Project description:Mine tailings in arid and semi-arid environments are barren of vegetation and subject to eolian dispersion and water erosion. Revegetation is a cost-effective strategy to reduce erosion processes and has wide public acceptance. A major cost of revegetation is the addition of amendments, such as compost, to allow plant establishment. In this paper we explore whether arbuscular mycorrhizal fungi (AMF) can help support plant growth in tailings at a reduced compost concentration. A greenhouse experiment was performed to determine the effects of three AMF inocula on biomass, shoot accumulation of heavy metals, and changes in the rhizosphere microbial community structure of the native plant Prosopis juliflora (mesquite). Plants were grown in an acidic lead/zinc mine tailings amended with 10% (w/w) compost amendment, which is slightly sub-optimal for plant growth in these tailings. After two months, AMF-inoculated plants showed increased dry biomass and root length (p<0.05) and effective AMF colonization compared to controls grown in uninoculated compost-amended tailings. Mesquite shoot tissue lead and zinc concentrations did not exceed domestic animal toxicity limits regardless of whether AMF inoculation was used. The rhizosphere microbial community structure was assessed using denaturing gradient gel electrophoresis (DGGE) profiles of the small subunit RNA gene for bacteria and fungi. Canonical correspondence analysis (CCA) of DGGE profiles showed that the rhizosphere fungal community structure at the end of the experiment was significantly different from the community structure in the tailings, compost, and AMF inocula prior to planting. Further, CCA showed that AMF inoculation significantly influenced the development of both the fungal and bacterial rhizosphere community structures after two months. The changes observed in the rhizosphere microbial community structure may be either a direct effect of the AMF inocula, caused by changes in plant physiology induced by AMF, or a combination of both mechanisms.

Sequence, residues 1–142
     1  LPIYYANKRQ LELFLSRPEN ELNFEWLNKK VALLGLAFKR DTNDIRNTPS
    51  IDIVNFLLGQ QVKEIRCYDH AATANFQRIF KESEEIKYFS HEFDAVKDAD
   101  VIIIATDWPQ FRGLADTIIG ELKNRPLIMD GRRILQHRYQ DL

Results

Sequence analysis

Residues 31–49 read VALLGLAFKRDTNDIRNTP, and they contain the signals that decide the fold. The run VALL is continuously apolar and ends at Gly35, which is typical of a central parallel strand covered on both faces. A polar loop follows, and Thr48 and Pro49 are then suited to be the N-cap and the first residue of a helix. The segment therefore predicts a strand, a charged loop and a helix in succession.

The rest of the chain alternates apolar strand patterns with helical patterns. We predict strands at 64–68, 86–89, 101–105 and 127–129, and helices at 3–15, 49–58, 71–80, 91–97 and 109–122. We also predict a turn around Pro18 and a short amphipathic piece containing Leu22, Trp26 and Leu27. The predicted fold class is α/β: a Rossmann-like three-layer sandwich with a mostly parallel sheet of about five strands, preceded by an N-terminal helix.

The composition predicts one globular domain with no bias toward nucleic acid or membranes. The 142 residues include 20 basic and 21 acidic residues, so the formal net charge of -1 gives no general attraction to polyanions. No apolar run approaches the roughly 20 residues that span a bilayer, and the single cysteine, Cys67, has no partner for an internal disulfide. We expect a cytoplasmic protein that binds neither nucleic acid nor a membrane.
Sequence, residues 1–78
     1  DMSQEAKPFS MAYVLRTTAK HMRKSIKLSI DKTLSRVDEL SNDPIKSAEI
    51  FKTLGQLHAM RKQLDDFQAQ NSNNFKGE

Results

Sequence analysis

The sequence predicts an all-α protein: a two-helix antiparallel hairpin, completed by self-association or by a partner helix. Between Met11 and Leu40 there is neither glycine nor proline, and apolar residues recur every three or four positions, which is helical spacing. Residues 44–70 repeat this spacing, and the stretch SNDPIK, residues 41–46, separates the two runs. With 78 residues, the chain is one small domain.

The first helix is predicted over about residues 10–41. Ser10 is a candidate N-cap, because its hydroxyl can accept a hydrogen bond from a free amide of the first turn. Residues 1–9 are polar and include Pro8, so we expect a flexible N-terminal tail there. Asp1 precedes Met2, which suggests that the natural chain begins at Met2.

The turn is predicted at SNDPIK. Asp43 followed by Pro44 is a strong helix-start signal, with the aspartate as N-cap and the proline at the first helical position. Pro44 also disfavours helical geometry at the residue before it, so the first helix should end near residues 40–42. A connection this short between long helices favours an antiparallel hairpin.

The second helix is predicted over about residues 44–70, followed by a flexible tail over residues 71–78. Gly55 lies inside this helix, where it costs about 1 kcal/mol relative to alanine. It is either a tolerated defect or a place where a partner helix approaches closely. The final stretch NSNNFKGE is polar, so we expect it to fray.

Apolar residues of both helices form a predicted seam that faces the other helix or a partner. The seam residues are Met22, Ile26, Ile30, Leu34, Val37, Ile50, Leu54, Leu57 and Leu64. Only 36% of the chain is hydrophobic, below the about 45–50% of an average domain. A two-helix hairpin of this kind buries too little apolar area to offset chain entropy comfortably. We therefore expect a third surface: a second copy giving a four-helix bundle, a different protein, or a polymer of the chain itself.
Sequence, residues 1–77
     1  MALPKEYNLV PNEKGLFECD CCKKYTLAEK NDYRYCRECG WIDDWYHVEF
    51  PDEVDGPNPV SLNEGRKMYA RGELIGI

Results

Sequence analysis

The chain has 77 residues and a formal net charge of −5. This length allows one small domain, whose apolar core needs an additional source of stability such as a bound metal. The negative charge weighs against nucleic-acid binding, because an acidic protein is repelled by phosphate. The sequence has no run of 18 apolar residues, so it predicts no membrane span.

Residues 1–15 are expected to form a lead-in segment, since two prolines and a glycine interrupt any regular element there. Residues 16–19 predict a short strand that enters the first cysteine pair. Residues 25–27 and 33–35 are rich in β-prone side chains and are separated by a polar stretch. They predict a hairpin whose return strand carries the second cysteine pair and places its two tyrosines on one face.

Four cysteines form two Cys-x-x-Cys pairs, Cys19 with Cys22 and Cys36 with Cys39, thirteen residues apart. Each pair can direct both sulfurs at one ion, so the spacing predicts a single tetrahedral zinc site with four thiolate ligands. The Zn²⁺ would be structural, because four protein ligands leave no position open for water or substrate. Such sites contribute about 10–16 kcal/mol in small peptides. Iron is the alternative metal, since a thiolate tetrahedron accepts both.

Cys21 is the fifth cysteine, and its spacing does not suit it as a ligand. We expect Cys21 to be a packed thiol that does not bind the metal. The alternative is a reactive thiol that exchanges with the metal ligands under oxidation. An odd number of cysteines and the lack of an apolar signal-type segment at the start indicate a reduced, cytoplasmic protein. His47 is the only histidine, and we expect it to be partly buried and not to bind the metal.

Project description:Plant growth-promoting bacteria (PGPB) are soil micro-organisms able to interact with plants and stimulate their growth, positively affecting plant physiology and development. Although ethylene plays a key role in plant growth, little is known about the involvement of ethylene sensitivity in bacterial inoculation effects on plant physiology. Thus, the present study was pursued to establish whether ethylene perception is critical for plant-bacteria interaction and growth induction by two different PGPB strains, and to assess the physiological effects of these strains in juvenile and mature tomato ( Solanum lycopersicum ) plants.An experiment was performed with the ethylene-insensitive tomato never ripe and its isogenic wild-type line in which these two strains were inoculated with either Bacillus megaterium or Enterobacter sp. C7. Plants were grown until juvenile and mature stages, when biomass, stomatal conductance, photosynthesis as well as nutritional, hormonal and metabolic statuses were analysed.Bacillus megaterium promoted growth only in mature wild type plants. However, Enterobacter C7 PGPB activity affected both wild-type and never ripe plants. Furthermore, PGPB inoculation affected physiological parameters and root metabolite levels in juvenile plants; meanwhile plant nutrition was highly dependent on ethylene sensitivity and was altered at the mature stage. Bacillus megaterium inoculation improved carbon assimilation in wild-type plants. However, insensitivity to ethylene compromised B. megaterium PGPB activity, affecting photosynthetic efficiency, plant nutrition and the root sugar content. Nevertheless, Enterobacter C7 inoculation modified the root amino acid content in addition to stomatal conductance and plant nutrition.Insensitivity to ethylene severely impaired B. megaterium interaction with tomato plants, resulting in physiological modifications and loss of PGPB activity. In contrast, Enterobacter C7 inoculation stimulated growth independently of ethylene perception and improved nitrogen assimilation in ethylene-insensitive plants. Thus, ethylene sensitivity is a determinant for B. megaterium , but is not involved in Enterobacter C7 PGPB activity.